# Like Clockwork: Your Next Trivia Question at a Party

This post has very little to do with reading, but it’s a really awesome trivia/math question to ask at your next party (or wherever you happen to be).

A good lead-in to this question would be after you and the opposite party are looking at an analog clock..

Here’s the question: What is the first time after 9PM when the hour and minute hands of a clock are exactly on top of each other (that is, coincident)?

First, consider working out this problem on your own… If you’re curious, hit the jump link below to find out about the solution…

#### Initial Impression

Your instant (perhaps even instinctual reaction) to the question above may be: 9:45PM! But would I pose such a question if the answer were so simple? Of course not. The key here is that by the time the minute hand gets to the 9, the hour hand of the clock will have moved a small amount (toward the 10). So one has to factor in a special “catch-up” time (perhaps a few minutes, to be calculated precisely below).

#### The Solution

Consider an analog clock that has markings of one minute between each hour label on the clock (i.e., there are five markings, in increments of one minute, between the 9 and the 10 on the clock). Now, as time passes from (9PM to 10PM), the minute hand moves as well, so the coincidence of the hour hand and the minute hand occurs sometime after 9:45PM. The key is that at all times, the proportion of the full sixty minutes traversed by the minute hand equals the proportion of the five increments of one minute traversed by the hour hand.

If we let X equal the minutes after 9PM to be the first time at which the hands are coincident, then we can set up a simple equation in which the proportion of the full sixty minutes traversed by the minute hand equal the “catch-up” time of the hour hand as a proportion of the five increments of one minute:

Namely,

X/60 = (X-45)/5

cross-multiplying, we get:

5X = 60X – 2700 –> 2700 = 55X,

and so, X = 49.090909 (or 49 + 1/11).

Putting the answer in the more elegant form of HH:MM:SS.mm, the answer is that the minute and the hour hand clocks are coincident at 09:49:05.45 (approximated to the nearest millisecond). I got the answer in this form because X was how many minutes past 9PM the clock’s hands were coincident; the 1/11th factor we multiply by 60 minutes to get 60/11, or 5.454545…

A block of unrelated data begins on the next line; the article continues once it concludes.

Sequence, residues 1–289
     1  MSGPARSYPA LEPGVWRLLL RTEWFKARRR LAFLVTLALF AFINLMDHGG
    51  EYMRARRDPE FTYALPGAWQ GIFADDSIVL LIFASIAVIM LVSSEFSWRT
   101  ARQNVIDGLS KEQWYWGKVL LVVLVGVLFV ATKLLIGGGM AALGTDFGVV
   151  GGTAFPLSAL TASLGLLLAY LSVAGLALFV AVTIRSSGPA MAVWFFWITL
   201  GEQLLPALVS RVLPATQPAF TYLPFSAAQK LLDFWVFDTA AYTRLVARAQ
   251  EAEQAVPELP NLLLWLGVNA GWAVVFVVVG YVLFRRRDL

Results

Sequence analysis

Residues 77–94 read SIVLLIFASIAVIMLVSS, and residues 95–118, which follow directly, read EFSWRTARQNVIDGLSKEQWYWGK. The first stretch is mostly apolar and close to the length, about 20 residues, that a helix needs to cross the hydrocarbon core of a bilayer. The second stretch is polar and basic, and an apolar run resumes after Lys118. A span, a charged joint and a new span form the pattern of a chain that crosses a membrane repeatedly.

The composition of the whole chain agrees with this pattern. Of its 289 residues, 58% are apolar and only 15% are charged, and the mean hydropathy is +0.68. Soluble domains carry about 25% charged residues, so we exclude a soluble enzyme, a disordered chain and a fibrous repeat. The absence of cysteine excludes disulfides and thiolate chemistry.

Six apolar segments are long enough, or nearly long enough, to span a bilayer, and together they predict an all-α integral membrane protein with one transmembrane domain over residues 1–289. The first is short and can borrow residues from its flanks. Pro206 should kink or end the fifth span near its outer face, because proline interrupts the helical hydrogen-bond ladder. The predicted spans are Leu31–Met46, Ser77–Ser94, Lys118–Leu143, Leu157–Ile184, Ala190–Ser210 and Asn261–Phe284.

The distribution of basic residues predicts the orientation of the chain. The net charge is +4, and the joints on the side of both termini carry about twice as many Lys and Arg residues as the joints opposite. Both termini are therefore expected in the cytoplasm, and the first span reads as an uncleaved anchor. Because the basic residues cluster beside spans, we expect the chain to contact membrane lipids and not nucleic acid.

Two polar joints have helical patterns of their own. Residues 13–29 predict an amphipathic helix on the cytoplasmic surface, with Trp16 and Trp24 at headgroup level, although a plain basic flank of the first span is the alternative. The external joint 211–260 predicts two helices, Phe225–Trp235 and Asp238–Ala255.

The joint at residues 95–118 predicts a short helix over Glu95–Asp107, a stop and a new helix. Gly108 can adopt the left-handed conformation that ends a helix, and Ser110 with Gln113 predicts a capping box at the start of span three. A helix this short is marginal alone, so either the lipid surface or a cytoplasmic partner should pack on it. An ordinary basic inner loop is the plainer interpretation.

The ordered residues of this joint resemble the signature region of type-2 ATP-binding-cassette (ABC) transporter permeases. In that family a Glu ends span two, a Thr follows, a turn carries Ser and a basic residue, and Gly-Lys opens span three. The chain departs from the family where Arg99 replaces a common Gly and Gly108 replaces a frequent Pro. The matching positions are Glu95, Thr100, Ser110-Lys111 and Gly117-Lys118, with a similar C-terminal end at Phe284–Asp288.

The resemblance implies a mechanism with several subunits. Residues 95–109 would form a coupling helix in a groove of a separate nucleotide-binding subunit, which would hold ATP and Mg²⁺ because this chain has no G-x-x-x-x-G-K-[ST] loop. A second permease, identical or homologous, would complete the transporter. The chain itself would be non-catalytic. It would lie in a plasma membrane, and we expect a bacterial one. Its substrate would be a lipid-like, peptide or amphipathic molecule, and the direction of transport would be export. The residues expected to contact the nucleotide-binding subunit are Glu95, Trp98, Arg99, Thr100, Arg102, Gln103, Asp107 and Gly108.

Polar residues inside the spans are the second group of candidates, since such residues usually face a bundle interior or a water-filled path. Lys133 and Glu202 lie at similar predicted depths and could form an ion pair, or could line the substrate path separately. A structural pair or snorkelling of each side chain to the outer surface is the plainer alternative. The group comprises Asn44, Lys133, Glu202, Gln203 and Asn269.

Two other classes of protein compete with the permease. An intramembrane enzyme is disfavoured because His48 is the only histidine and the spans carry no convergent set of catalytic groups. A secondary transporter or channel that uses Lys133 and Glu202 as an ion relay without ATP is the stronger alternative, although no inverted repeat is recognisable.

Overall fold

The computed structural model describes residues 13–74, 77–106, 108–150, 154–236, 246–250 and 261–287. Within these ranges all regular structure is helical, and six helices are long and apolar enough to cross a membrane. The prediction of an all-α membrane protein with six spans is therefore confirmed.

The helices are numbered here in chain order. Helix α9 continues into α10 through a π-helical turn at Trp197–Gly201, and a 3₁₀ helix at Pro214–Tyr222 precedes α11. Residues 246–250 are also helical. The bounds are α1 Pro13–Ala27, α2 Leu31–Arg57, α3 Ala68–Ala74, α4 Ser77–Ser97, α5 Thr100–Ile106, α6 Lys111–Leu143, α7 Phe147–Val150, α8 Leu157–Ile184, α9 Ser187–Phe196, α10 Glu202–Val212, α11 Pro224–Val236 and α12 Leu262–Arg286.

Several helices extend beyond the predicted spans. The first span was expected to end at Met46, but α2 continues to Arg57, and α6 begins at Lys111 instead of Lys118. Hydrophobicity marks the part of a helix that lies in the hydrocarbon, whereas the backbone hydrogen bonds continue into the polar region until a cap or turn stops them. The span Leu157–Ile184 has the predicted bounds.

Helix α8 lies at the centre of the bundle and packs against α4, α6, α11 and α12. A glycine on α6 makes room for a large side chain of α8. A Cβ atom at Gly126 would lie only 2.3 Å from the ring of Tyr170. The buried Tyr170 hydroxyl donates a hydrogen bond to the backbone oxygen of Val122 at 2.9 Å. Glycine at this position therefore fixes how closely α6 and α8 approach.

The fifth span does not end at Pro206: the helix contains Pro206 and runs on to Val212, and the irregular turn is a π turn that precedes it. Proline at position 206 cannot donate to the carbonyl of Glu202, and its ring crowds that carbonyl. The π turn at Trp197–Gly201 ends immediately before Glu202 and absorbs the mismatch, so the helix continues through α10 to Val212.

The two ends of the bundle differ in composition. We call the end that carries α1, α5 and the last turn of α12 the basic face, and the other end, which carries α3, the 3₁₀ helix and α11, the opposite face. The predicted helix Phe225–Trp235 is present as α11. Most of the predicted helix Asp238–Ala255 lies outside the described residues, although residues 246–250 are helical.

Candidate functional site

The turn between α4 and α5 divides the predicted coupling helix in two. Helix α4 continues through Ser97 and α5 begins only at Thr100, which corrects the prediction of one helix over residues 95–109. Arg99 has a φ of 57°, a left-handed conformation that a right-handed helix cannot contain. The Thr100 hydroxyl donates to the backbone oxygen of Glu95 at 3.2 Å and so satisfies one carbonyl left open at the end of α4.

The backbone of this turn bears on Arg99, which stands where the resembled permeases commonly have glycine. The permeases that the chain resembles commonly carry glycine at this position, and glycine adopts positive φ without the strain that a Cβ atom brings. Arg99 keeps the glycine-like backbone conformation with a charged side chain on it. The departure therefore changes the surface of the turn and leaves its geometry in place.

#### An Easier Solution

There’s an easier way to think about this problem! First, note that the hour and minute hands are coincident exactly at noon and at midnight. In between noon and midnight, the time is cut into 11 equally-spaced blocks of time, each one 12/11 hours long. So that’s 12 hours * 60 minutes = 720 minutes / 11 intervals = 65.454545 minutes per each block, which corresponds to 1:05:27.27 per the HH:MM:SS.mm notation I used above (I ask the reader to verify that this answer is correct).

It follows that for the question: What is the first time after 9PM when the hour and minute hands of a clock are exactly on top of each other? all we have to do is multiply that answer by 9, and voila! I would do it this way: (60 minutes / 11 blocks) * 9 = 49.090909 minutes after 9PM (you can independently verify that it is equivalent to the approximate form of 09:49:05.45 PM).

#### Final Thoughts

I think this is a wonderful trivia question because most people won’t consider the movement of the hour hand whilst the minute hand is moving… Note that this question may be posed for all times other than midnight and noon, and the result would be found the same way. So if you’re partying it up late and it’s past 1AM (or 2AM), ask: “What is the first time after 1AM (2AM) when the hour and minute hands of a clock are coincident?” The answer: 1:05:27.27 and 2:10:54.55, respectively.

Of course, I make no guarantees how receptive the other party would be to answering this question. I thought it was a question worth considering, and I hope you found this post useful.

## One thought on “Like Clockwork: Your Next Trivia Question at a Party”

1. vb says:

cool stuff to stimulate brain